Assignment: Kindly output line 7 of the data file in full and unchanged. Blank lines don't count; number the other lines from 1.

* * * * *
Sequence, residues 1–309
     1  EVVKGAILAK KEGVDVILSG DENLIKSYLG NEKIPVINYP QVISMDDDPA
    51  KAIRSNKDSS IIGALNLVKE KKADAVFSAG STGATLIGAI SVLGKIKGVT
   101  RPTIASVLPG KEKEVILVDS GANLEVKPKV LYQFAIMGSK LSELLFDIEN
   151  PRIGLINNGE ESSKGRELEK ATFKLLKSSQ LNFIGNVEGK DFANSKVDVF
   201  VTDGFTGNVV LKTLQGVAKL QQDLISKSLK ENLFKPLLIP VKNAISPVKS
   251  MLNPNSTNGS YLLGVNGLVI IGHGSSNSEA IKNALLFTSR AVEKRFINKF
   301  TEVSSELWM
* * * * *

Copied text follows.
   251  MLNPNSTNGS YLLGVNGLVI IGHGSSNSEA IKNALLFTSR AVEKRFINKF